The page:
Brown University scientists have found a more efficient way to identify potential bone-producing cells from human fat tissue, according to a new study in Stem Cell Research & Therapy. The researchers developed a fluorescent tag that latches onto cells that express a gene called ALPL, which is an indicator of increased osteogenic potential. A machine then detects the fluorescing light and separates the ALPL cells. According to the study, this new method produces more than twice the yield of bone-making cells (9 percent) compared to previous methods of sorting based on cell-surface proteins. Researchers found that the ALPL-positive cells also showed increases in metabolite production for chondrogenesis.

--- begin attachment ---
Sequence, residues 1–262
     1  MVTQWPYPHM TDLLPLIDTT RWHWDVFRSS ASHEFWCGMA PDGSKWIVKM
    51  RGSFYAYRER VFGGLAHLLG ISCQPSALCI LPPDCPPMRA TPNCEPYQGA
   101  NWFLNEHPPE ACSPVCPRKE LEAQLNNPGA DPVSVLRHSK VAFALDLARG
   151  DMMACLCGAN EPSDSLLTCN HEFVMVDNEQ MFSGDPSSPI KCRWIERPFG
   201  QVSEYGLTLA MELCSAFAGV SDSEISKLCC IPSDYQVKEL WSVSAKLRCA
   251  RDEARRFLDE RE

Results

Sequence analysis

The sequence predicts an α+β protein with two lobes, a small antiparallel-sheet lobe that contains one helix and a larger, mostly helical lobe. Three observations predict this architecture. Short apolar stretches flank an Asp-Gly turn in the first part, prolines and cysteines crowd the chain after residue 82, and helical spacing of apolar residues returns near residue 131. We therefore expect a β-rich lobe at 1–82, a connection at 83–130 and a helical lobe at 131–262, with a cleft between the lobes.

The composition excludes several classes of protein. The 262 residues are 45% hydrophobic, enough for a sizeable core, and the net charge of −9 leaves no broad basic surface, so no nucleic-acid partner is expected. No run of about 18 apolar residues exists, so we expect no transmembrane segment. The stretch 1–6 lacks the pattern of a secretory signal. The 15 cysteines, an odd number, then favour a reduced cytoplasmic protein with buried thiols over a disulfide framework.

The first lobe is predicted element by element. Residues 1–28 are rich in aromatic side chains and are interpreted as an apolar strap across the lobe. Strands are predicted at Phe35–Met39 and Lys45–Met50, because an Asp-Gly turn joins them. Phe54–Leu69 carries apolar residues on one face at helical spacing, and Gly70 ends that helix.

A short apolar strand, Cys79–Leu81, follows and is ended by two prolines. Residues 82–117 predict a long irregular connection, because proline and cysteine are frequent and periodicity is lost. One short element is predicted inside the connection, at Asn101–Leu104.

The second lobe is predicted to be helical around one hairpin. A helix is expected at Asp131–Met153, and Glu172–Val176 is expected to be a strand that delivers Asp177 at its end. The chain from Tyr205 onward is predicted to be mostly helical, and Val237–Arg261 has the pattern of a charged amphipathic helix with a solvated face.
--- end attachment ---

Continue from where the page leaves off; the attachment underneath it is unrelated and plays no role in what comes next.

Hetal Marble, lead author of the study, said in a Brown University press release that targeting gene expression rather than surface proteins in the search for cells capable of making new tissue is a “paradigm shift” that “allow[s] us to isolate cells that are capable of doing what we want.” To read the full press release, click here: https://news.brown.edu/articles/2014/10/sorting.